3 7.07 -0.141.84 16 13 12
S .49 -2 71 10 1 .... 10
5 4.54 -0.99290 10 25 0

ti 2.77 -5'9911 12 24 3
7 3.06 -5 410 96 14 18 12
34.74 -1451 84 1f 13 12

i 6.49 -2'70110 1.......
7 5.21 -1 04 130 9 5 17
5 4.79 -3 721 76 11.......

8 5.17 ...... 2 35 11 49 19
1 4.33 .......1 04 13 10 22
1 3 89 -0.4711 75 11 5 8


aw
.g













se

ne
sw


sw


w
ne








Climatological Data for August-(Continued.)


Stations


Sumner...........
Switzerland ........


CENTRAL SECTION.

Bartow.............
Brooksville.........
Clermont ..........
DeLand ..........
Eustis............... .
Ft. Meade.........
Fort Pierce........
Inverness...........
Kissimmee.........
Malabar .........
Merritt's Island ....
New Smyrna.........
Ocala..............
Orange City........
Orlando...........
Plant City..........
Rock well...........
St. Leo.............
Tampa ...........


Counties


Ley........


Levy ..... .. ......
St. Johns..........

Means....... ....


Polk.... ......
Hernando......
Lake ...........
Volusia ........
Lake...... .. ...
Polk .........
Brevard ........
,itrus.........
Osceola ........
Brevard........
Brevard........
Volusia..........
Marion ......
Volusia .......
Orange ........
Hillsborough...
Marion ........
Pasco.. ......
illsborough...


degrees Precipitation, in inches
eit


g Temperature, in
Fahrenh

o

b9 I
8 *s !
=


12 80.4+0.3 96121
5 80 9+11 101 22

81 3-0 .. .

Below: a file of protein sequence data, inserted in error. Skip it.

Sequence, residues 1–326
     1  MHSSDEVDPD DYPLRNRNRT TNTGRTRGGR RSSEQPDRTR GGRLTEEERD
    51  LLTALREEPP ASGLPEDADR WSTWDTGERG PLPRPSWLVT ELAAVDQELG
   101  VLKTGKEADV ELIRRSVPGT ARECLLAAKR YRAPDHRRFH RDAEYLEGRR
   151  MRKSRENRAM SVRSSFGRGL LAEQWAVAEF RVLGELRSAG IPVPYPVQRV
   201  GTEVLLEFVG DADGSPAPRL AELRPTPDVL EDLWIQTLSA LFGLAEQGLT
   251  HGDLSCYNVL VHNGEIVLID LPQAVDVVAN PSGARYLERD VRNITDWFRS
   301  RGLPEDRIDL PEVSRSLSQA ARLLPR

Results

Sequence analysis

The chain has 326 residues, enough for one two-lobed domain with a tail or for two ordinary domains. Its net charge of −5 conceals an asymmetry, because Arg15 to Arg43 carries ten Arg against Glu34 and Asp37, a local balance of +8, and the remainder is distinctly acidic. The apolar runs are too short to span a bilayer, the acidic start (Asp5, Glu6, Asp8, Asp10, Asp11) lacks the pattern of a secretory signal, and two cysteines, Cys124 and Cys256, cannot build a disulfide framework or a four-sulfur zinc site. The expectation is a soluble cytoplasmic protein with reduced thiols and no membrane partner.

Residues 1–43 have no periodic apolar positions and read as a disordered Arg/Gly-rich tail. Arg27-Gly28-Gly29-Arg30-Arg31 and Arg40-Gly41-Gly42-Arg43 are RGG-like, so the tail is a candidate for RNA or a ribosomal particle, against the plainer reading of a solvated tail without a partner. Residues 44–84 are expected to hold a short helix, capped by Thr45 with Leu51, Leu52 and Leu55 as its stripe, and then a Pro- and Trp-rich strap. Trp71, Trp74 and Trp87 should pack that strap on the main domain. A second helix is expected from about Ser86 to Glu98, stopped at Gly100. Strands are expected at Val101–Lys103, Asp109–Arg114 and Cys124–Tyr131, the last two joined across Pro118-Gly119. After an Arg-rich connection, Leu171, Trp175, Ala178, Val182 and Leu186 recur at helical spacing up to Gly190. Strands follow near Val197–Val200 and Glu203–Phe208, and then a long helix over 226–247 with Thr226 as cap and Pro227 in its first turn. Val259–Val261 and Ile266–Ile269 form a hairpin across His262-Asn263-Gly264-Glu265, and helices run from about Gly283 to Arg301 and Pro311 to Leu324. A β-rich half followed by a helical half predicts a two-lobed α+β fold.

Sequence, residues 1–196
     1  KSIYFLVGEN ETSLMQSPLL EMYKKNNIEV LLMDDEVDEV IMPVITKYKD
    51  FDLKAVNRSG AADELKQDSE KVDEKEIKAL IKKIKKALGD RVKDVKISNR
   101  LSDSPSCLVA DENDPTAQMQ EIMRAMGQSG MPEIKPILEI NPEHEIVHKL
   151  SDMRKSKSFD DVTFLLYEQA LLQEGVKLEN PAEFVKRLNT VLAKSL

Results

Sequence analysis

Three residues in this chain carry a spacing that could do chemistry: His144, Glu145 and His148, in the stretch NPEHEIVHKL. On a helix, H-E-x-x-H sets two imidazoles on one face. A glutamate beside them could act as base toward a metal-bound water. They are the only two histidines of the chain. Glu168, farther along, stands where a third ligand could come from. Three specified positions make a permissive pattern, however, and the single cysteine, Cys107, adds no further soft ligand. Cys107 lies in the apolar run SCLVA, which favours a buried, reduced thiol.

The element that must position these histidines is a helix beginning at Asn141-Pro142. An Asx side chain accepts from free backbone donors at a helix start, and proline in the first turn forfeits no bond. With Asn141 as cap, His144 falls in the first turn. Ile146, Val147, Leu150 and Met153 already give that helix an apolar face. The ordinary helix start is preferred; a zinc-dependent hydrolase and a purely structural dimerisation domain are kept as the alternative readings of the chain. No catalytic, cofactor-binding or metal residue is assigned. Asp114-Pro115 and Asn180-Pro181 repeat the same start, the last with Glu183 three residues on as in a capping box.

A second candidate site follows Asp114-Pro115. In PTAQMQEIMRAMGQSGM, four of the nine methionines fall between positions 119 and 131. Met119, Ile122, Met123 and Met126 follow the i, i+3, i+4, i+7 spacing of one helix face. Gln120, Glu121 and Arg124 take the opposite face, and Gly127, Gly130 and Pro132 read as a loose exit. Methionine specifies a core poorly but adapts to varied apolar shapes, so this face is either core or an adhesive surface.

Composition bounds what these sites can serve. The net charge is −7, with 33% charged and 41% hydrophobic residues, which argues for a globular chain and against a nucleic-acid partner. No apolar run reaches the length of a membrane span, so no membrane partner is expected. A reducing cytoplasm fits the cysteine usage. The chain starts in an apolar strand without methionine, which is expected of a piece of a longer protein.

7 82 6 4-1 0 97 21*
10 82 0+1 4 9821
10 83 3+0 6 9922
2 80 6 .... 9722
12 84 3 1 101 20*
16i 81 9+0 8 10021
11i 80 5-2 1 9823
2i 82 2+0 9 9915
10 e82 8 +0 2 j 9821
.. 82 4 ..... 100 2*
21 82 1 +0 5 96 21
14 80 7+1 0 96 22*
16 81 8+0 7 10121
12 .... .... .. ..
12 82 4+0 6 9922
10 82 0-0 2 9922

7 8s 2_-0 5 100 21
12 81 8 0 00 94118


5726
a8026



6926
6626
6826
70 17*
6726
6426
675*
66237
68 27
69 2*
72 10*
67 26*
6126

6826
6426

66 26
6826


2

0
o .2


.a
17 3 ( D
Ms a z
clr Is E


32 4.90
a 29 3 79


4.71

22 4 97
26 7 47
24 6 47
21 ...
26 2 47
30 6 51
26 5.11
26 4.11
j 26 7 27
26 1 80
19 8 50
25 2 39
30 3 90

23 3 53
29 1 87

27 6 98
21 7 35


--3.66
--2 31

-2 87


--2 77
--S 63
-1 65

-4 55
--1 68
-1 84
-4 46
-1 39

+3 05
--3 75
-4 02


-7 40

-4 66
-1 29


Sky



15"




z z z
:
8P P .22
z Z Z~ae~r~a


121 9
13
13 7

17 11
7 14
6 16
11 ....

3 17
11 1i
8 18
12 14

11 19
6 11

17 15
15 YT


a


~
a

i
5~tE
c~21


nw

sw


ne
ne
8.
_--













sw
ne
new

ne





sw
ne

ne
w
ne


ne
ne


-----------







Tarpon Springs....
Titusville .........


SOUTHERN SECTION.


Hillsborough .. 20
Br-vard........ 11

fleans ..... ...


Avon Park......... DeSolo.........
Flamingo........ Monroe .....
Hypoluxo........... Dade........
Jupiter............. Dade......... ..
Key West ... ..... Monroe........
Manatee............. Manatee........
Marco ... .... Lee...... .......
Mami ............. Dade........
Myere .... ....... L e ..........
Nocatee .. ........ DeSoto......

Means ...
WESTERN SECTION.

Bonifay ........... Holmes .......
Carrabelle. ........ Franklin........